I listened to Andy Weir’s ARTEMIS, just nominated for an Audie Award in Science Fiction, because long ago, my dyslexic brother-with-a-PhD learned to read with the help of comic books about Buck Rogers and the 25th Century. (Make that with the inspiration of Buck’s backpack transporter and sidekick Wilma’s conical breasts.) My brother fell in love with science fiction, and guided by him, I did, too. Hence my delight in Rosario Dawson’s Earphones Award-winning performance of a rule-breaking woman in a moon colony. Plus all that realistic-sounding science that Weir throws in. I love that stuff.
Speaking of the science part of sci-fi, including robots (always include robots), I finished Martha Wells’s final fantastic Murderbot Diaries novella, EXIT STRATEGY, two nights ago. The wonderful Kevin R. Free has aced all four books about an honorable, thinking-person’s cyborg in a far future when space colonies are as big as planets and corporations battle for control of everything. It had me explaining every plot point to my non-sci-fi-fan husband, and actually, he was fine with that. We love our hero Murderbot.
And we love the future-time Colonel Butler, who’s called upon to investigate a disappearance in Michael Mammay’s debut sci-fi novel PLANETSIDE. R.C. Bray won an Earphones Award for his performance of this clever, funny, thought-provoking story, and now it’s nominated for an Audie Award. Full of science, mystery, and spaceships, it lacks only Buck’s backpack transporter and Wilma’s conical breasts, which is probably for the best. I’m looking forward to more audiobooks from Mammay and Bray.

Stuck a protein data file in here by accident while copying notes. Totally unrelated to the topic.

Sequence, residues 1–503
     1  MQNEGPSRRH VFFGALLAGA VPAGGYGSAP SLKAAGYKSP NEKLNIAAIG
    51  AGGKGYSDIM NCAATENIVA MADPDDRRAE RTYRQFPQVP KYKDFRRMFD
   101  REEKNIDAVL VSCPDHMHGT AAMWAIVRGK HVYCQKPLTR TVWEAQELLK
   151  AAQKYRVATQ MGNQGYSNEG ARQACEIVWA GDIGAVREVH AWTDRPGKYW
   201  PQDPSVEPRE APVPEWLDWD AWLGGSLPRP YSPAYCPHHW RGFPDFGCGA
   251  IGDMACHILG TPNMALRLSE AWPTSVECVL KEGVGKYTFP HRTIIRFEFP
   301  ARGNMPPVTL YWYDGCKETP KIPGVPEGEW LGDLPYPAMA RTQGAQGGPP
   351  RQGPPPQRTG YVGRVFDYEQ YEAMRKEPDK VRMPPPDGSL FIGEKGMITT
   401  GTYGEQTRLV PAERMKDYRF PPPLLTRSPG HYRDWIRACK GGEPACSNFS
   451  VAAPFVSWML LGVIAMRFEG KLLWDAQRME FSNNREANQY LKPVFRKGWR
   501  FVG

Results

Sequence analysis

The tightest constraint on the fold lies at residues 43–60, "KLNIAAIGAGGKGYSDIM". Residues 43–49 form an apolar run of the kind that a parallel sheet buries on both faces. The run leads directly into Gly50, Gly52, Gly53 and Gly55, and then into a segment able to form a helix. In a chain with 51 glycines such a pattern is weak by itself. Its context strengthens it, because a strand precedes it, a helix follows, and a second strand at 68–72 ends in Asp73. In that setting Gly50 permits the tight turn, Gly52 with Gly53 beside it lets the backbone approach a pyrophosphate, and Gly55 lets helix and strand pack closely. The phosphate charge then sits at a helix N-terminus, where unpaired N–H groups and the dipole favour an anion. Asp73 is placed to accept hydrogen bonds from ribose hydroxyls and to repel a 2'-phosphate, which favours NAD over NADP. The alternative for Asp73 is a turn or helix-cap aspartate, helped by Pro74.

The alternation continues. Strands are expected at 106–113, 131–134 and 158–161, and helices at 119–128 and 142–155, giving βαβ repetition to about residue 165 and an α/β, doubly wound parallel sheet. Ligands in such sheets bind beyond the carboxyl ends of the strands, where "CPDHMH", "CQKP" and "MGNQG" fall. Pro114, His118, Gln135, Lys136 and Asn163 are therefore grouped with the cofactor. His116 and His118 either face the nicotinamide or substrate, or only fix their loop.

A narrator who can convincingly portray humans and a range of aliens is to be admired. Dan Bittner’s terrific performance of Michael Moreci’s Audie nominated BLACK STAR RENEGADES offers high adventure and an appealing young hero and a crew of misfits on a grand quest. Also included are touches of comic space opera, plus as many galaxies as Star Wars. That’s where Bittner’s skill with aliens and a killer robot come in. What’s not to love?
Wil Wheaton has teamed with bestselling sci-fi author John Scalzi in HEAD ON, a gripping mash-up of a police procedural and a buddy story set in the near future. An athlete in a violent sport dies mid-play. Except it was his robotic extension that was killed. So why did the off-field human die, too? Full of snappy dialogue and pointed observations, Scalzi’s futuristic mystery is the second in a series, which means that I hope for many more.
Finally, I recommended the new full-cast production of Douglas Adams’ THE HITCHHIKERS GUIDE TO THE UNIVERSE: HEXAGONAL PHASE in a previous post, but I get to mention it again because it’s been nominated for an Audie Award! And really, you must listen to a book that includes such lines as, “What can one say about President Beeblebrox that he has not already had printed on t-shirts and circulated throughout the galaxy . . . ” It is absurd and wise and will make you feel good in the way that eating an entire chocolate sundae used to, which is saying something.